As of today, there’s just sixty days until the general election ending November 8. If you’re planning to vote, you’ll want to double check your voter registration, ideally before the end of September.
The deadline to register to vote, change party affiliation, or to update your address is Tuesday, October 18. Technically, you’re able to update your registration up until 8:00 p.m. on Election Day, but earlier is easier. If you’re requesting a ballot from somewhere outside of Oregon, checking your information soon is even more important. Military and overseas ballots are mailed out starting Friday, September 23 and absentee ballots are mailed out starting Monday, September 26.
If you have an Oregon driver’s license, you’re likely registered already. The Oregon DMV automatically registers anyone applying for a driver’s license, permit, or ID card to vote — which means that voter registration is easy for many state residents. But there are nuances even already-enrolled voters should know.
Checking your voter registration status
If you’re pretty confident you’re already registered, you’ll need to check that you’re registered through the Secretary of State’s website. The site needs your first and last name, as well as your birthdate, to look up your registration. Assuming you’re registered to vote, the website should provide your party affiliation and address. You’ll be able to update all of your information through the website, including your name.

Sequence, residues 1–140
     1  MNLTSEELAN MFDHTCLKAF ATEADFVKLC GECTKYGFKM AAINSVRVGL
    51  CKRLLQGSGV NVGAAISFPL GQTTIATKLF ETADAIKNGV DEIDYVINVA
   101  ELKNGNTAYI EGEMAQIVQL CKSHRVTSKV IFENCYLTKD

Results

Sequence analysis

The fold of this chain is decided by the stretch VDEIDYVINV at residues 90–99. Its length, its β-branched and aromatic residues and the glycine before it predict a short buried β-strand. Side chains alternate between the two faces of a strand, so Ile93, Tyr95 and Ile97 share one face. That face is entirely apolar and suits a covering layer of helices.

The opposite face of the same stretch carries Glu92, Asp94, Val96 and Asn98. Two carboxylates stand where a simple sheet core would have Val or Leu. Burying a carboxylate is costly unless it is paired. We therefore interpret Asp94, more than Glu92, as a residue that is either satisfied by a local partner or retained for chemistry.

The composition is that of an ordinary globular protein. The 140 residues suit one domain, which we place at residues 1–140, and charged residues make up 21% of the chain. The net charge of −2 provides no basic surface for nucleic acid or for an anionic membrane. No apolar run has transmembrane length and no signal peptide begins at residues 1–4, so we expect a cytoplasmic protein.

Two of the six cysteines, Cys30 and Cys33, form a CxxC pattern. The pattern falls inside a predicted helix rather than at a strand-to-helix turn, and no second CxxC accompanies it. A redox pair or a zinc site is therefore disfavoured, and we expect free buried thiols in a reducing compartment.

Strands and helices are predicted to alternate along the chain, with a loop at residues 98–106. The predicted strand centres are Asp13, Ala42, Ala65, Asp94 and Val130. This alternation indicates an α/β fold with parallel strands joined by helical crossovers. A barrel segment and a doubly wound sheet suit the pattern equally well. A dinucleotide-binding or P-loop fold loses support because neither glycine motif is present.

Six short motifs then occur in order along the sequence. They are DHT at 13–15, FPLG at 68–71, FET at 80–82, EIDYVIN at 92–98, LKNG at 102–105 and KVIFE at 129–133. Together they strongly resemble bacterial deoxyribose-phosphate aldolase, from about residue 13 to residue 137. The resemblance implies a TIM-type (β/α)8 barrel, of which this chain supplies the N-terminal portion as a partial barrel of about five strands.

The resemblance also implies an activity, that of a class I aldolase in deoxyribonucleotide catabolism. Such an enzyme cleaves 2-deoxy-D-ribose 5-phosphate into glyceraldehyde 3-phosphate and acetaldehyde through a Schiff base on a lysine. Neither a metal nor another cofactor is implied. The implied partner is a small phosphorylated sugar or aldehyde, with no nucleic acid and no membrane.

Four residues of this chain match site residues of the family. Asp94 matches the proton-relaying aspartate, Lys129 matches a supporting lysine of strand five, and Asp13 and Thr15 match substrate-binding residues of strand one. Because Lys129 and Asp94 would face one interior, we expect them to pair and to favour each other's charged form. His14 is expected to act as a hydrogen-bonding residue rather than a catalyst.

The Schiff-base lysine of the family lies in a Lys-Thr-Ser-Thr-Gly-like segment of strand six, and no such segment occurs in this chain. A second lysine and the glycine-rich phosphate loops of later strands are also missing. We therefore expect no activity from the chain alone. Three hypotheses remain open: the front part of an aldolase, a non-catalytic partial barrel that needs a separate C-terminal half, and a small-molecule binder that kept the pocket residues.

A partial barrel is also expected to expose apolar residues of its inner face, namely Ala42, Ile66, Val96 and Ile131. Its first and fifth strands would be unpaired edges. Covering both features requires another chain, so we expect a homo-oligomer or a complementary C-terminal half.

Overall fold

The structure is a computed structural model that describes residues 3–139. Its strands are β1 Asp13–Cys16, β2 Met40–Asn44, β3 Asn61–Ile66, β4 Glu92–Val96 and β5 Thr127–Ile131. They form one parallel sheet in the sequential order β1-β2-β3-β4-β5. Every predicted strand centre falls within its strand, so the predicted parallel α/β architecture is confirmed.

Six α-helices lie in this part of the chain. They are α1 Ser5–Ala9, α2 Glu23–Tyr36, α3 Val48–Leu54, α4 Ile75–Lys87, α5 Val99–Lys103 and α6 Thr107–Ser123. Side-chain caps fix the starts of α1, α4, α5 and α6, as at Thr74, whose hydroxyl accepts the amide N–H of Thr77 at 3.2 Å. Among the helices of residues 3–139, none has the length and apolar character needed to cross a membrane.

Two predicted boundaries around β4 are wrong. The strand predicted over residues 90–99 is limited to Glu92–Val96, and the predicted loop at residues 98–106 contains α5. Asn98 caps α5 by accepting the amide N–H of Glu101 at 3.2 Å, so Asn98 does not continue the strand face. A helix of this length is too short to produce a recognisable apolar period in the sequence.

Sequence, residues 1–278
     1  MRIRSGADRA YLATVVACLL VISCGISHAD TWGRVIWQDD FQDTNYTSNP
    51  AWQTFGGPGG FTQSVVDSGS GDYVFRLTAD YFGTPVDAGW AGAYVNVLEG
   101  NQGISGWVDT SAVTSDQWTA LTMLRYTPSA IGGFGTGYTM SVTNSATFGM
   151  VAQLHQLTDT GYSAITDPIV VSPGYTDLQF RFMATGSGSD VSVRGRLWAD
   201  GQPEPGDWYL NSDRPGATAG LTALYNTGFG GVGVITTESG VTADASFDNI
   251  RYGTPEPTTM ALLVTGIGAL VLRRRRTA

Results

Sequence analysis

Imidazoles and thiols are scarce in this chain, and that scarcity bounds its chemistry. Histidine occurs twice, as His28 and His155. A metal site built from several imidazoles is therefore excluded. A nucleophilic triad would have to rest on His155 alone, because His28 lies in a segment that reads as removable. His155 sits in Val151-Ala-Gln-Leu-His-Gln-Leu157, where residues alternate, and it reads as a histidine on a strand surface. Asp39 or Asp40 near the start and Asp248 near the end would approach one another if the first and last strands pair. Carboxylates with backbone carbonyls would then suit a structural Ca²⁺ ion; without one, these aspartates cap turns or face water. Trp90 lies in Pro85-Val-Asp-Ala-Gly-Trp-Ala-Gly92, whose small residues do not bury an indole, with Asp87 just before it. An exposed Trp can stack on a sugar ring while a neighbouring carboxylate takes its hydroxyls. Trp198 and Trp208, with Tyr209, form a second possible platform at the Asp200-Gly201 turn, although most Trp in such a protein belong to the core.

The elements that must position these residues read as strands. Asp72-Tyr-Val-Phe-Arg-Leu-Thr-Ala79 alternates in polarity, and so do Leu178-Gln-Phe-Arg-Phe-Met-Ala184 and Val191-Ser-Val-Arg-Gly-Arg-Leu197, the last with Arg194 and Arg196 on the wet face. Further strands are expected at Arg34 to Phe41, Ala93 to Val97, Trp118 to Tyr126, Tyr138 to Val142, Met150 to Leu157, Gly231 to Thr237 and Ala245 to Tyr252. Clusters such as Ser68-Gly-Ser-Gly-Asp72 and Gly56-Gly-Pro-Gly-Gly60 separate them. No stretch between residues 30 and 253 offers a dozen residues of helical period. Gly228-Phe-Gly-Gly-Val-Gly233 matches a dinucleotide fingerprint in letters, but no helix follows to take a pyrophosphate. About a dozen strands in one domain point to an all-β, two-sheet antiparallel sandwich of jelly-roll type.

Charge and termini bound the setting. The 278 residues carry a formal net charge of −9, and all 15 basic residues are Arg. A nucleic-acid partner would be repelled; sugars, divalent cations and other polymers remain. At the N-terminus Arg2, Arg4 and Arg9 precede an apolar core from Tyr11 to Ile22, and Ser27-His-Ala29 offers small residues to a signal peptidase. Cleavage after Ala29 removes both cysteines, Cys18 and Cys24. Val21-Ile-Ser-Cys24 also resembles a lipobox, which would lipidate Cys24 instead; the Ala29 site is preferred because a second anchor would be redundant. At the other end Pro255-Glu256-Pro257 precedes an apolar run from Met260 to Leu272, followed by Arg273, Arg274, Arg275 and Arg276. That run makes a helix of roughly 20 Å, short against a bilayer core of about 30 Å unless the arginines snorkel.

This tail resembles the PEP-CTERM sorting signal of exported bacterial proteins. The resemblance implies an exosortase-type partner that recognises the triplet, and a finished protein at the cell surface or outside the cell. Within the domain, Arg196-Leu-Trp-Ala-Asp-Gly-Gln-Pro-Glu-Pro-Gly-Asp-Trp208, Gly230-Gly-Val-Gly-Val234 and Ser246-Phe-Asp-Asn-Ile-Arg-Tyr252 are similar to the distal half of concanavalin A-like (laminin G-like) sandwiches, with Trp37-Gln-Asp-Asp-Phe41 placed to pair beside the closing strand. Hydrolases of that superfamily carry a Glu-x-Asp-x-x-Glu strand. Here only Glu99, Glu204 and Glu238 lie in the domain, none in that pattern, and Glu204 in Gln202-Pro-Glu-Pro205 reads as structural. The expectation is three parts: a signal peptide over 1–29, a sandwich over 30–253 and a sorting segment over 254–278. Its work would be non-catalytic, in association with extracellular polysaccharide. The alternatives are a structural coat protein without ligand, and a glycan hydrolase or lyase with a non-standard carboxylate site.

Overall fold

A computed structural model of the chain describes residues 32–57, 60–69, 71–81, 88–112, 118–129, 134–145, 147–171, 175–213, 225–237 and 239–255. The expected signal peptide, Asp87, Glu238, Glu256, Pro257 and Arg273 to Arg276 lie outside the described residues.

And yes, this means that if you have the name and birthdate of an Oregon voter, you can punch in their information and get their home address (as well as change their registration information). It’s not a secure system. It’s not really intended to be secure, though: Voter registrations are public information. In fact, you can buy the entire list of registered voters in the state from the Oregon Secretary of State’s office for just $500.
One of the reasons you’ll want to check even if you’re confident you’re registered is to make sure you’re not listed as inactive. The website may also list a voter as “inactive,” for reasons ranging from changing your address with the U.S. Post Office to being incarcerated. To return to active status, update your voter registration online or with your local county elections office.
If the Secretary of State’s website can’t find your registration, there are a few reasons:
- The voter registration system refreshes data starting at 5:25 p.m. every day and can have errors during its refresh window. The maintenance window lasts roughly ten minutes. Searching again after 5:35 p.m. may return better results. Longer maintenance windows may also be scheduled between now and the voter registration deadline.
- Your name may have changed since you registered to vote. If you may have registered under another name, check if your registration is still under any previous names.
- Your name may have been incorrectly entered in the system. In that case, you’ll want to contact your county election office to correct the error.
- If you have completed the process to request your address not be included on voter rolls due to personal safety concerns, your registration details won’t show up on the Secretary of State’s website.
Otherwise, you may not be registered to vote in Oregon. You can fix that quickly if you’re eligible to register to vote online.
Registering to vote in Oregon, including special circumstances